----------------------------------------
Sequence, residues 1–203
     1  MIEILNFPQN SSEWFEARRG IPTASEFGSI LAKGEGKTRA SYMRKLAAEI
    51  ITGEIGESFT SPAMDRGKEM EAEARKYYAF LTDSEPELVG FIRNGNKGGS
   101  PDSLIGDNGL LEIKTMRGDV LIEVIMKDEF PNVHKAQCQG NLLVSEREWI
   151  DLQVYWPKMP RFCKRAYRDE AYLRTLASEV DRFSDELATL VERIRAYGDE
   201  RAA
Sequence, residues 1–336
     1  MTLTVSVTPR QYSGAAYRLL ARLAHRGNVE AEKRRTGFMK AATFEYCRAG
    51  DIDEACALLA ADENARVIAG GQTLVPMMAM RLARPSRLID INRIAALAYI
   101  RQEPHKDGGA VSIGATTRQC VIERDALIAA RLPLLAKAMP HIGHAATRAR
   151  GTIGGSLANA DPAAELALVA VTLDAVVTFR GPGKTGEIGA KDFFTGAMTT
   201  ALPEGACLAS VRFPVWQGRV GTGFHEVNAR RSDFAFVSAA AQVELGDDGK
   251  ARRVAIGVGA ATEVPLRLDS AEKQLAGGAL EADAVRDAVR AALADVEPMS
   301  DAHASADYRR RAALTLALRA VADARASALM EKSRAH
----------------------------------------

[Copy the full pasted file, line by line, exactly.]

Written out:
Sequence, residues 1–203
     1  MIEILNFPQN SSEWFEARRG IPTASEFGSI LAKGEGKTRA SYMRKLAAEI
    51  ITGEIGESFT SPAMDRGKEM EAEARKYYAF LTDSEPELVG FIRNGNKGGS
   101  PDSLIGDNGL LEIKTMRGDV LIEVIMKDEF PNVHKAQCQG NLLVSEREWI
   151  DLQVYWPKMP RFCKRAYRDE AYLRTLASEV DRFSDELATL VERIRAYGDE
   201  RAA
Sequence, residues 1–336
     1  MTLTVSVTPR QYSGAAYRLL ARLAHRGNVE AEKRRTGFMK AATFEYCRAG
    51  DIDEACALLA ADENARVIAG GQTLVPMMAM RLARPSRLID INRIAALAYI
   101  RQEPHKDGGA VSIGATTRQC VIERDALIAA RLPLLAKAMP HIGHAATRAR
   151  GTIGGSLANA DPAAELALVA VTLDAVVTFR GPGKTGEIGA KDFFTGAMTT
   201  ALPEGACLAS VRFPVWQGRV GTGFHEVNAR RSDFAFVSAA AQVELGDDGK
   251  ARRVAIGVGA ATEVPLRLDS AEKQLAGGAL EADAVRDAVR AALADVEPMS
   301  DAHASADYRR RAALTLALRA VADARASALM EKSRAH